Becoming a traveling medical professional means investing your time and energy into what you love and what helps you be your happiest, most productive self. If you’re stepping into this career, you want to do it for the right reasons.
Becoming A Medical Traveler For The Right Reasons
The Challenge: There’s a difference between travel and vacation
Traveling and vacation. We like to link these two words together often, especially when being a traveler is your job. I mean, hey, who wouldn’t want “professional vacationer” as part of their resume? It all sounds like a magical dream life, and sometimes it can be. However, it’s also important to draw distinctions between vacationing and traveling.
Now, hold your horses… there’s nothing wrong with taking a vacation. A nice break to relax and dip your toes in some beachy water, earbuds in, with the perfect vacay playlist tuned up… sounds pretty great.
But, let’s pause. A vacation is not a cultural experience, really. It’s not your chance to grow or flourish as the amazing person you are; it’s your moment to #selfcare and sip a beverage. They seem similar, right? Here, let me break it down a little more…
You can see the subtle differences in these two terms. The good news is, the lines can blur together. Travel and vacation are closely linked when you’re a traveler. It’s your job to already be at your destination. And while maybe you aren’t spending nearly all your time in chill out autopilot mode, or being the travel foodie you aspire to be, you get to work where you explore.
Writer and adventurer, Dave Booda, describes the difference:
Vacations are about escaping.
Traveling is about diving in.
A true travel experience is about learning and transforming yourself. Vacation is about allowing yourself the R&R to grow when you’re traveling (yes, here we go with that self-care line again.)
But travel? Travel is an adventure. So… dive in.
Traveling means empowering your self-care
Traveling can be a bit of a life juggle. We have all the good intentions of following a 6-step skincare plan, working out, or taking our morning vitamins… but the truth is, once we’re taken out of our element and daily routine, all bets are off.
Our brains have a hard time associating a new environment with an old routine. Hence why vitamins stay in their bottles, moisturizers sit idle your travel bag, and stick to a healthy food intake is almost nonexistent. (It’s time to be thankful for takeout.) In fact, besides walking the half mile to get a delicious dark roast coffee, or pacing the halls on your assignment, you might not get around to exercising either.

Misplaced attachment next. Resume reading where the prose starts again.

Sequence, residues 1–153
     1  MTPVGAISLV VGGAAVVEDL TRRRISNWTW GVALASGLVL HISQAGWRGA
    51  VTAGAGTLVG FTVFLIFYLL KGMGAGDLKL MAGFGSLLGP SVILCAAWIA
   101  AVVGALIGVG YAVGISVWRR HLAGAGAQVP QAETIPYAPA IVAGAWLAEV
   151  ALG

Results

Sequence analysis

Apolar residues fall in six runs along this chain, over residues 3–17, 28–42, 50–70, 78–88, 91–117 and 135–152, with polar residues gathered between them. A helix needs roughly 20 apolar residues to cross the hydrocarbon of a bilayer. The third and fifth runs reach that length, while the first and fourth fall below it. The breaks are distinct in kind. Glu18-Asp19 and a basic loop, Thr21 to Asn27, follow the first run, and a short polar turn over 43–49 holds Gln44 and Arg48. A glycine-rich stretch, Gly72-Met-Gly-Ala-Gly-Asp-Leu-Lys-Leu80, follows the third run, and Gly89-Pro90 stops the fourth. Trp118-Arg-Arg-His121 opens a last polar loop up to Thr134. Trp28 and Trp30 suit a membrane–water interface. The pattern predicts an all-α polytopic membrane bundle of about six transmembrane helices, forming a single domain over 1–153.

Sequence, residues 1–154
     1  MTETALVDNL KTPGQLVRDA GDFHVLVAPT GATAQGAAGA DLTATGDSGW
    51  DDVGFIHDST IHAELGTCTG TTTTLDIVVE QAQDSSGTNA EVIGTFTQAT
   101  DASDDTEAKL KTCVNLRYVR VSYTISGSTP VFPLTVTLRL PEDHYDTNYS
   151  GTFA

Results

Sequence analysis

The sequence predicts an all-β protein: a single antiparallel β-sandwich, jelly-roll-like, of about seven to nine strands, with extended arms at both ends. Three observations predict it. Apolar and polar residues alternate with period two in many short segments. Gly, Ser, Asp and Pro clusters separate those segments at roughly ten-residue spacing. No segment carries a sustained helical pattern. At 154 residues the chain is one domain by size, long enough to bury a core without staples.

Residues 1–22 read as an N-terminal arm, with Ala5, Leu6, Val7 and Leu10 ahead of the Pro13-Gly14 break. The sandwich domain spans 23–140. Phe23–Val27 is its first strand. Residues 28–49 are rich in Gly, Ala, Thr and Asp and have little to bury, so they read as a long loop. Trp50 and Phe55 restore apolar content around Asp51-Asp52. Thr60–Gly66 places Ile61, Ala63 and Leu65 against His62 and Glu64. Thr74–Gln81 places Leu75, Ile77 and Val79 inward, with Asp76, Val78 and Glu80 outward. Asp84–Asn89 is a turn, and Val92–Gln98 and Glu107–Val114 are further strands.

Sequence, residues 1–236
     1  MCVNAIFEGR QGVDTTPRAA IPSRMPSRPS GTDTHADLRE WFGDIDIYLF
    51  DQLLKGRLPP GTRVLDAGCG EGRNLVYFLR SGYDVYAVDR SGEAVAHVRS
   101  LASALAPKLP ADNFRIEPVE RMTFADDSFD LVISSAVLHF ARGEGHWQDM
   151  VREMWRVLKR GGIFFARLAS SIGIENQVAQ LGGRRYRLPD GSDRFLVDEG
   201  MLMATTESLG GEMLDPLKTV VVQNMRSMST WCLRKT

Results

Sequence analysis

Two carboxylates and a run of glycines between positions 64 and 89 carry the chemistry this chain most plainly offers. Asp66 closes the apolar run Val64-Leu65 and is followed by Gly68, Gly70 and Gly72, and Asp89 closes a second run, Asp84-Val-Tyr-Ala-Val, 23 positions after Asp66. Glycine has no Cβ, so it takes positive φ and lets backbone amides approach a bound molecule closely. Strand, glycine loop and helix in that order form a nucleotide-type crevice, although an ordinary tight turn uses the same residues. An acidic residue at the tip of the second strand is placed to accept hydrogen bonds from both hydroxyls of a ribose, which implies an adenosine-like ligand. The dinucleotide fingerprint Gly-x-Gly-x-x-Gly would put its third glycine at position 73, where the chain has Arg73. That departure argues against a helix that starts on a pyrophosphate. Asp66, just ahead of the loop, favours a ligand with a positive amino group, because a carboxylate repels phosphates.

And who could blame you? Even with planned breaks and a pretty stable new routine, this isn’t typically how your day goes. Plus, the time zone changes can throw you off for a bit. A 2-hour time difference means your 12:30 p.m. lunch was actually 2:30 p.m. back home. A new routine created for the greater good, however well-intended, can throw off your personal one. Your brain doesn't understand that everyone else is doing the same thing too, it just wants to know why you're having a snack at what is actually 5 p.m., and then falling into your pillow at 8:30 p.m. Which is why self-care is so important when you're a traveler. How do you get your groove back?
Avoiding the pitfalls
We talk about the benefits of being a traveling medical professional all the time, but we don’t spend nearly enough time sifting through the stuff that isn’t always sunshine and roses. So, what are some of those downfalls, and how can you avoid them?
Whether it’s the stress of the job or the stress of packing up that suitcase all the time, hittin’ the road can really hit you back. It's okay to take a break. You don't always have to be on-the-go. Traveling and self care go hand-in-hand, and taking a break between travel assignments (or a vacation!) could give you the energy to jump back in the game.
While it’s totally normal to experience all the tourism of your new city, you don’t want to ride that Ferris wheel too many times, do you? So what do you do when you run out of tourist places to explore? Go local, of course! After all, you live here now. Eat where the locals eat, hang out where the locals hang out and welcome yourself to your new city.
Your housing not what you thought it would be? This new city isn’t what you envisioned? Everyone’s been there. The point isn’t to lower your expectations (why would you do that?!); it’s to go into your travel experience with an open mind. Maybe you have a smaller living space, but you’re going to be out doing cool stuff anyway, so you don’t need it. The cool store you wanted to check out actually closed a few months ago? No worries! Cities are ever-changing and I’m sure your next exploration is literally right around the corner.
Happy travelers are the ones who have chosen their career path and put themselves first. When you decide where, when, and how you do your job, you get to create the travel lifestyle you want, explore how you want to explore, and put your expectations first.